Call for radical reform in Ireland – solution or distraction?

In his latest attack on the poor performance of the Republic, the Economist Intelligence Unit’s Dan O’Brien targets the whole political culture. The Irish problem is not just what governments do but what they fail to do. Dan argues for wholesale institutional reform and hankers after a government of experts rather than bungling sometimes venal amateurs. Who I wonder would be his ideal taoiseach or finance minister?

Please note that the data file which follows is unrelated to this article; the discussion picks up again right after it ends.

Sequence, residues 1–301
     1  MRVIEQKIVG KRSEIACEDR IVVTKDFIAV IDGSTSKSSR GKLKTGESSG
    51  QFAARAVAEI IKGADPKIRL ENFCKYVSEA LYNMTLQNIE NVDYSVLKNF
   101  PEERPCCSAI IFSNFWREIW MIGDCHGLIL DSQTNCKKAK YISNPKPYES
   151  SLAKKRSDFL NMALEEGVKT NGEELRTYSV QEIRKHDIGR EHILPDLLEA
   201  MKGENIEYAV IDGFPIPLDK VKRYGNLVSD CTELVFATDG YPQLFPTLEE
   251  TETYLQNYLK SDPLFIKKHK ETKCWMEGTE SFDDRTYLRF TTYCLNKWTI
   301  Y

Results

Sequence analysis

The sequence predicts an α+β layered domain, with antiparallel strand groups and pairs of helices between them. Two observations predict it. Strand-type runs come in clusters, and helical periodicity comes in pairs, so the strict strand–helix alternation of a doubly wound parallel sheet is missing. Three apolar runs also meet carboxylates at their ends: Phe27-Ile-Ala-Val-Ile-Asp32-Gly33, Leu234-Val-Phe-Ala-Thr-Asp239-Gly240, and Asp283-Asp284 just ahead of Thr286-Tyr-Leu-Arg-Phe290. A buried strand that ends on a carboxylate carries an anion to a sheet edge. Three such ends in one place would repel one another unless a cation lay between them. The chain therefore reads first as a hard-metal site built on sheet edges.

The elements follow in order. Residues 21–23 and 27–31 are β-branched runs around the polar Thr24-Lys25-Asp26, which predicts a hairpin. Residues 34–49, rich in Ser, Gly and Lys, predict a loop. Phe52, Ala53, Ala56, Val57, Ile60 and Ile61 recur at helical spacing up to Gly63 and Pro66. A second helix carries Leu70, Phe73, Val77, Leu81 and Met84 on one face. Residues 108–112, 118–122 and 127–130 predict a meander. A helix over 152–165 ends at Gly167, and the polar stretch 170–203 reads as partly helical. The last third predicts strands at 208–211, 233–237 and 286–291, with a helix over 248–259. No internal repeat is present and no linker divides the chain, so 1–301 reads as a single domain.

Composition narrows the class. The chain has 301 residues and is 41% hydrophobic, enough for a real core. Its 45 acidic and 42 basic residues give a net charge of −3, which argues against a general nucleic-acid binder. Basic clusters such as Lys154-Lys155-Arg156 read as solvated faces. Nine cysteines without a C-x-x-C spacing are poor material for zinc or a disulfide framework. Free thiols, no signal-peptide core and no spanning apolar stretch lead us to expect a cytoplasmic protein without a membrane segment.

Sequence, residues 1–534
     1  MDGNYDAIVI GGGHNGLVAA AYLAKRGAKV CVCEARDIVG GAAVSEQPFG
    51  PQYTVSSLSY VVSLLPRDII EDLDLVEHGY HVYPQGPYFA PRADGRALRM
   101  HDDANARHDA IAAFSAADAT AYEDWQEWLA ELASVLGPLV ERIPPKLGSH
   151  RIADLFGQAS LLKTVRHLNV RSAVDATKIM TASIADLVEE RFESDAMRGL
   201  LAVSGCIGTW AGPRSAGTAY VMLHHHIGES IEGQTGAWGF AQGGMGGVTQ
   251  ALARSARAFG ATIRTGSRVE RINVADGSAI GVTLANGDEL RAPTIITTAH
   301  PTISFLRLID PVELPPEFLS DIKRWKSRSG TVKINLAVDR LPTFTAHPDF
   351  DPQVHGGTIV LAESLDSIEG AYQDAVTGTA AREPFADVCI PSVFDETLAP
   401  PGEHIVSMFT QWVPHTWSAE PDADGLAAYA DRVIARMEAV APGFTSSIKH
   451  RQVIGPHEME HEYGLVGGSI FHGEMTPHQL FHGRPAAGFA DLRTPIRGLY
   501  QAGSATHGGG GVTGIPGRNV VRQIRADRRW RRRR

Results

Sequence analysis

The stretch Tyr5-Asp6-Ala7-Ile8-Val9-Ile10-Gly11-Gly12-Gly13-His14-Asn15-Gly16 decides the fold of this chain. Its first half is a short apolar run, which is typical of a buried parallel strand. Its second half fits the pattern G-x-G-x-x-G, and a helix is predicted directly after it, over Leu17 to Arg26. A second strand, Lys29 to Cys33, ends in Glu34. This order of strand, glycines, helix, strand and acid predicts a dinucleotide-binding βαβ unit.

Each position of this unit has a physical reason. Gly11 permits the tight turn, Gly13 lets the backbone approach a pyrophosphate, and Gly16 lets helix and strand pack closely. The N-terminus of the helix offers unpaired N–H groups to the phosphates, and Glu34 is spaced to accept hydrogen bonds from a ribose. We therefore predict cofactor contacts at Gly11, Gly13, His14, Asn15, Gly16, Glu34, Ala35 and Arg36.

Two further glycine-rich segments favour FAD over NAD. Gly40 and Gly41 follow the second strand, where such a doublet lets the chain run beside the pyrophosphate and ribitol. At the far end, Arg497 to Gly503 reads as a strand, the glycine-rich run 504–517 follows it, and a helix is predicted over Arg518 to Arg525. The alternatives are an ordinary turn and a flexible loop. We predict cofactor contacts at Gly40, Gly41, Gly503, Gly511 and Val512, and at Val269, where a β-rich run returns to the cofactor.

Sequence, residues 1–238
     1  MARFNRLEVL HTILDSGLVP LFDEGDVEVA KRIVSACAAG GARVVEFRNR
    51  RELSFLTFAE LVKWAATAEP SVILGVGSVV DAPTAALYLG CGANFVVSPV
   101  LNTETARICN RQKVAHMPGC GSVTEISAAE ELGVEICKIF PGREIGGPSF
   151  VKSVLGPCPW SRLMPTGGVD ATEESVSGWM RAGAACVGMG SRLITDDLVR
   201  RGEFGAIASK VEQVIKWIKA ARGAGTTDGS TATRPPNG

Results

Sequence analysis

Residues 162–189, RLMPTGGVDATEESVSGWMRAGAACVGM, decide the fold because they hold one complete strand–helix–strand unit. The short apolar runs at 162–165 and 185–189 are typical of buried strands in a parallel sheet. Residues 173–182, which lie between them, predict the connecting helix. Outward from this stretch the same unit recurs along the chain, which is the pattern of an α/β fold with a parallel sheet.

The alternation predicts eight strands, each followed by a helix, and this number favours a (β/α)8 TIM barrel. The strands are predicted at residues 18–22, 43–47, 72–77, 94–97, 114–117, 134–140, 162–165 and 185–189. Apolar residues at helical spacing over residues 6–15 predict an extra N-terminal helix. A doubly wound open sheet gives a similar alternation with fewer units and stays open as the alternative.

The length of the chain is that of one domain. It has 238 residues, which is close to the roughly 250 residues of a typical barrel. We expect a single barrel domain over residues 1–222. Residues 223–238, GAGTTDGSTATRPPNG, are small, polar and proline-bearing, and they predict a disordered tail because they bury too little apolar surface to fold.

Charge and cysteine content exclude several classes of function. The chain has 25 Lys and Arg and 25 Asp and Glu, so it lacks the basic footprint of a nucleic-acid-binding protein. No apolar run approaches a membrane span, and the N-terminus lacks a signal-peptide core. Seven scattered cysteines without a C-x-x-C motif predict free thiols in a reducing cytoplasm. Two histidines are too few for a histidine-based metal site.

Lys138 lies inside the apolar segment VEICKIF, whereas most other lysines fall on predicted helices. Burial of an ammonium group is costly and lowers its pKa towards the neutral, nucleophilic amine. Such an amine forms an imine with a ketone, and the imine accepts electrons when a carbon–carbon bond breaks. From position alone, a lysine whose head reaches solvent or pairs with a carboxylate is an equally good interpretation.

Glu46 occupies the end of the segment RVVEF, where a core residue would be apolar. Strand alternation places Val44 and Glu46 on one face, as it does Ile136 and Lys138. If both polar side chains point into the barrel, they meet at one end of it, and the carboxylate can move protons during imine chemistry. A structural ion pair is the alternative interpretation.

He complements British departmental cross cutting (perhaps over- generously) and pins much of the blame for Ireland’s persistent underperformance on four aspects of the constitutional system. There should be wider separation of the powers between government and the Oirechtas. STV is an inhibitor of strong government. To free them from narrow local interests, ministers should not be TDs. Judges have too much power and there are too many referendums. But distant fields seem greener. And who would referee a wider separation of the powers other than a strong Supreme Court? Different constitutional forms don’t always produce better results. Canada’s weak government seems to be handling the recession quite well. In the US Obama is flat-lining, frustrated by the definitive separation of the powers, even with a Democratic majority in both Houses. Most democracies are in fact parliamentary in which ministers are members. France is the notable major power exception in Europe where ministers are still obliged to answer MPs’ questions. Ironically Gordon Brown once seemed keen on borrowing from this model with his brief foray into appointing “ a government of all the talents” of some outsiders . How stale all that seems now. The fact is, political skills are sui generis and non- politicians seldom seem to have them. None of the above is an argument against reform. But reform has to be pragmatic and well targeted. Politicians of all stripes tend to wary of wholesale constitutional overhauls. They balk at the time and energy required. Short of revolution or near revolution as with de Gaulle in 1958, the drive is seldom there. Ireland had its chances in 1922 and in 1938, with what amounted to two changes of regime. It will be hard to create a third. Many long for a centre left-centre right polarity to create more straighforward political choices. Yet there seems no chance of the parties cramping their populist style to let that happen. And in the rest of the world, the choice is usually as blurred as it is in Ireland, whatever the political labelling. Perhaps the bitter shocks of the economic crisis and the rash of corruption tribunals which accompanied Ireland’s first serious brush with prosperity will be enough to change behaviour. Otherwise, if you had a go at one big political reform, what would it be and what would it deliver?